After the Commune, a revolutionary uprising, in Paris in 1871, Richard Wallace decided that it would be safer to move most of his Parisian collection back to London.
He acquired the lease of Hertford House from the 5th Marquess of Hertford with the intention of using it as the family’s London residence. He renamed the house Hertford House in honour of his father, thereby infuriating Lord Hertford who had planned to call his own recently-acquired London townhouse by this name.
Wallace soon found Hertford House too small for his collection and commissioned the architect Thomas Ambler to redevelop the property. Little is known about Ambler and commentators have been universally critical of his designs for the principal front, which is often described as ‘illiterate’. One critic even doubted if ‘another man [could] be found who would make almost as many mistakes with Doric entablature as Ambler had made with his stuck-on pilasters’. Wallace must have been happy with his work, however, as he paid him £900 in 4 instalments in 1873-5, gave him a marble console table and paid £250 to his widow when Ambler died in 1875.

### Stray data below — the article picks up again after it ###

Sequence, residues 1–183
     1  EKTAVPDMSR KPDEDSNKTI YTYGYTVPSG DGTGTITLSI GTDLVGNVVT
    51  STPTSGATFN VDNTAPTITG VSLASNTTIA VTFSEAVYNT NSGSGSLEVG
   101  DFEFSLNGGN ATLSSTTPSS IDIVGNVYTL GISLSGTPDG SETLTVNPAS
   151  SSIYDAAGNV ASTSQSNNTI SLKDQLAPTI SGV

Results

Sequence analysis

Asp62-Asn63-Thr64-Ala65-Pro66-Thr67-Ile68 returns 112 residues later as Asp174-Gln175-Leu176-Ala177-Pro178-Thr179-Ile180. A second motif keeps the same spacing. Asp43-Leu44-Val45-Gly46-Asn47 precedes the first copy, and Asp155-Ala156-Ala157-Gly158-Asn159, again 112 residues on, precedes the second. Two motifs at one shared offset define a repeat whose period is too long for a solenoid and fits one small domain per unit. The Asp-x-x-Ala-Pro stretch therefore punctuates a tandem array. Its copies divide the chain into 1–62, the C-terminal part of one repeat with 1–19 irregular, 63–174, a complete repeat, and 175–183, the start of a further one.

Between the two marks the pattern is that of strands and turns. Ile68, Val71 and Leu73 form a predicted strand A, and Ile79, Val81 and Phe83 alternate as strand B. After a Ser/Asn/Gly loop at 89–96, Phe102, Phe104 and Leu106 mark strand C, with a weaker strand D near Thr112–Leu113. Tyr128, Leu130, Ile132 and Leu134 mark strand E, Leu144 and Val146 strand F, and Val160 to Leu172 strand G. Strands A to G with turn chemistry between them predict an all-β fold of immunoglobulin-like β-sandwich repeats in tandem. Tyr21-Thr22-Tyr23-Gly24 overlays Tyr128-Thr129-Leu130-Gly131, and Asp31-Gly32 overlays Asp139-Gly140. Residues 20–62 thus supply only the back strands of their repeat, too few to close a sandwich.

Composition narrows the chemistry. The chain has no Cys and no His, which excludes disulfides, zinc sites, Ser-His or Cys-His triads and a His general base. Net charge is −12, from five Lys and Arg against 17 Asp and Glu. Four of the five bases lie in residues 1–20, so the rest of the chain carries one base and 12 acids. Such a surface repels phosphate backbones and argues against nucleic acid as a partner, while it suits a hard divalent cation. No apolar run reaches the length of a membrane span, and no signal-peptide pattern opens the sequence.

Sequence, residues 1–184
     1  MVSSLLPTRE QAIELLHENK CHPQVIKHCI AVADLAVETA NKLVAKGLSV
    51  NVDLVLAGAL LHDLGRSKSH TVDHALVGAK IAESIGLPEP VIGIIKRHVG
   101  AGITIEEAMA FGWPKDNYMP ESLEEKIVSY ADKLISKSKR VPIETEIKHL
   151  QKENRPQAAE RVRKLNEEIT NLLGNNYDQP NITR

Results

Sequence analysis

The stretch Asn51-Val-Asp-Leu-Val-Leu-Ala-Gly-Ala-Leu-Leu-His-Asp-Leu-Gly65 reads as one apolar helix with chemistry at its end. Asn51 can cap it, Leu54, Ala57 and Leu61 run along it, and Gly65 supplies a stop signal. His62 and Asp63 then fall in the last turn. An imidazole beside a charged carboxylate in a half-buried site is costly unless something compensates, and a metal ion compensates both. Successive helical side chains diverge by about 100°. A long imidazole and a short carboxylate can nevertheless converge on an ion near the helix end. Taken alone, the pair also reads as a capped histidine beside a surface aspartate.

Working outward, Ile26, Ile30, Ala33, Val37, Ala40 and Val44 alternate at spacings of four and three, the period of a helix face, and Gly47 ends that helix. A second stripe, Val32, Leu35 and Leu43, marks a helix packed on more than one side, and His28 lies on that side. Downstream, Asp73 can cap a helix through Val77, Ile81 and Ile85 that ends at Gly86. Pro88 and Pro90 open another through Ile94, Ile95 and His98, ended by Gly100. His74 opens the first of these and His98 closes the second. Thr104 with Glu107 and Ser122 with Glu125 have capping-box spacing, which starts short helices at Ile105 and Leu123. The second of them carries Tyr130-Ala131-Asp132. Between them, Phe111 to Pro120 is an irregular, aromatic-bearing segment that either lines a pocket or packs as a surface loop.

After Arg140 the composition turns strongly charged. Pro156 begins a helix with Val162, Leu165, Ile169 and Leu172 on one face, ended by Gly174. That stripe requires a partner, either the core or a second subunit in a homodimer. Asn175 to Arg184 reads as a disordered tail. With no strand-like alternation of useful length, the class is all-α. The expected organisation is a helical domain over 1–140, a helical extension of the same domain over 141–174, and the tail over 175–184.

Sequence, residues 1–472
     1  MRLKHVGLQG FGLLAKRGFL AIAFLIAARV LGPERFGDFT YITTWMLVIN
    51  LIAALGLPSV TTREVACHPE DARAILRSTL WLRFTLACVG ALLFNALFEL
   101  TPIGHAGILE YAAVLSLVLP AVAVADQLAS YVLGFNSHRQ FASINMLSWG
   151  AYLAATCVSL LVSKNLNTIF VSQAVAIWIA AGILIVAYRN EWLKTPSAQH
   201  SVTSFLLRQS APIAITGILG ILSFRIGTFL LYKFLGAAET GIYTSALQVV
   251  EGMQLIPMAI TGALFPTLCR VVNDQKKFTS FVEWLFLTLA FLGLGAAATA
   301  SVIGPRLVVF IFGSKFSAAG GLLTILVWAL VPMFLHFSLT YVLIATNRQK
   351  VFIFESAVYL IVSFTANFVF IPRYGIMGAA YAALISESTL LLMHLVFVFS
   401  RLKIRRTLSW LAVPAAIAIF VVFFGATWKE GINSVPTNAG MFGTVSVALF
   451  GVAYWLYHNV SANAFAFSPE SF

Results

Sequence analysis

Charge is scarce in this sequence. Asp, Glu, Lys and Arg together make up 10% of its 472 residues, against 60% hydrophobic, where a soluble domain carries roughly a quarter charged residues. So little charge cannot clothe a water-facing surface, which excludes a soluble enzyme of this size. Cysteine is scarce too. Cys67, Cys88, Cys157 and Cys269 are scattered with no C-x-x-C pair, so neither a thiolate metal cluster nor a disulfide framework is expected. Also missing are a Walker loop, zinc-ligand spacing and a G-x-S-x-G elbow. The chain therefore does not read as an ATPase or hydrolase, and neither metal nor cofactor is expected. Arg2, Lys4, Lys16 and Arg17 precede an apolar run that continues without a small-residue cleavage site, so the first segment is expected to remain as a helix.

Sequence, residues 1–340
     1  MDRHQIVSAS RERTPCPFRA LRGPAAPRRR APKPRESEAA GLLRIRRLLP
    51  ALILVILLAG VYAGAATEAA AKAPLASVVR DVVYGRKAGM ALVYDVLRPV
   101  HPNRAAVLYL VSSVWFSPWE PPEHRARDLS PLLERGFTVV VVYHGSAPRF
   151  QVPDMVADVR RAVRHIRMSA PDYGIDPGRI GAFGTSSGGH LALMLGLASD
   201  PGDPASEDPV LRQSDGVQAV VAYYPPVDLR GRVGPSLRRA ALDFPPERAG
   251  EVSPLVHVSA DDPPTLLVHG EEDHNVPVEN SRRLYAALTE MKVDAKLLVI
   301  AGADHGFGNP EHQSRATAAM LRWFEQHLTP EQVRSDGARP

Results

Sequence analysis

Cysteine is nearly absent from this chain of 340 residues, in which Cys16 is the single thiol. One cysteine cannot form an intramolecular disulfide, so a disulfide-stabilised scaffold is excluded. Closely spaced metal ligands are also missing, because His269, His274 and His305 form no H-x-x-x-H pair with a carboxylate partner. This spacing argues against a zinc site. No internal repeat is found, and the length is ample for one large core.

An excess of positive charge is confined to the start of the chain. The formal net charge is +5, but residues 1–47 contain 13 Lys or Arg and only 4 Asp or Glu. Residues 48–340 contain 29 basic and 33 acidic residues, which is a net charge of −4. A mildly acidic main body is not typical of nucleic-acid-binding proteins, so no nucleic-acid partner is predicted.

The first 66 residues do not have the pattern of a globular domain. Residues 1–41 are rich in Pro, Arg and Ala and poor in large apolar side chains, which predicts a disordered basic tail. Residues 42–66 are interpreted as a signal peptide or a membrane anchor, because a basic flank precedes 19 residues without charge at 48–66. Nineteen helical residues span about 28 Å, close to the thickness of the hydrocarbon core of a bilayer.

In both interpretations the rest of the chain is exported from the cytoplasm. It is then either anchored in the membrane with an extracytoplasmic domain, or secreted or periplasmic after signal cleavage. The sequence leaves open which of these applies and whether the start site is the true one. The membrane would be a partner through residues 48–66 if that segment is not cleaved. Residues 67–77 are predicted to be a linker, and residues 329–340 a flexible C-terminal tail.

Ambler built a new front portico with giant Doric pilasters, added storeys to each wing of the same façade, built top-lit galleries above the stables and coach house and created a new smoking room lined with Minton tiles in Turkish style at the back of the building. He modified the windows of the house and encased the whole building in a red brick facing.